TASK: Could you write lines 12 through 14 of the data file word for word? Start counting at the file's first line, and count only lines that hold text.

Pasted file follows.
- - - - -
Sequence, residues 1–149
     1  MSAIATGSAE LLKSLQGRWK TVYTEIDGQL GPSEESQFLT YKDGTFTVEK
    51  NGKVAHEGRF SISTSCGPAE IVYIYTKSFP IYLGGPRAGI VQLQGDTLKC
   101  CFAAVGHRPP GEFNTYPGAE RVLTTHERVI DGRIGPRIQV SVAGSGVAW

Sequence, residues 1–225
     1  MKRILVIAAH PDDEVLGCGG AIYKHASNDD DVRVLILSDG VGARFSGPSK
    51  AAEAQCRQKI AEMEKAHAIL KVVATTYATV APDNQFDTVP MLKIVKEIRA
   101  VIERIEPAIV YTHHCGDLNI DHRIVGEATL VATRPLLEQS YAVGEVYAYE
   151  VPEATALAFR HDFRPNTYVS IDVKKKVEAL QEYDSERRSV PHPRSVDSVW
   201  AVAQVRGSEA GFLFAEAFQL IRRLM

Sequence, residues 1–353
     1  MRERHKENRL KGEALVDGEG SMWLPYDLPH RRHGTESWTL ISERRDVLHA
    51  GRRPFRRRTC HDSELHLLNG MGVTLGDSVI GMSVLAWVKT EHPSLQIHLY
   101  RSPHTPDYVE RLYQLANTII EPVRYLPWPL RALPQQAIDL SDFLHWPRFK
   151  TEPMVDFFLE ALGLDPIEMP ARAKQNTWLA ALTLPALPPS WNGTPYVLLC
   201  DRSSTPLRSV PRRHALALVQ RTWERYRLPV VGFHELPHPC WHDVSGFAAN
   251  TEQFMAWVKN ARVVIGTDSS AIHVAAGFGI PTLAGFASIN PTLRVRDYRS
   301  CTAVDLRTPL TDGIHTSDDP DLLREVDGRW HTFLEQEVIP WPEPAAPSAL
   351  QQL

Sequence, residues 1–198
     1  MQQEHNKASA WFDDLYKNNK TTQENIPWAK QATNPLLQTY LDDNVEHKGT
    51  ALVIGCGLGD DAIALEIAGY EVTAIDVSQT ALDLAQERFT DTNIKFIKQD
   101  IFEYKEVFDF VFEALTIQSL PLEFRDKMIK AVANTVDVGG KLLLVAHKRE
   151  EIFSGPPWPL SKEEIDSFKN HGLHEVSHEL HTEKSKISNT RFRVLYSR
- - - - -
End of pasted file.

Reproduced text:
     1  MRERHKENRL KGEALVDGEG SMWLPYDLPH RRHGTESWTL ISERRDVLHA
    51  GRRPFRRRTC HDSELHLLNG MGVTLGDSVI GMSVLAWVKT EHPSLQIHLY
   101  RSPHTPDYVE RLYQLANTII EPVRYLPWPL RALPQQAIDL SDFLHWPRFK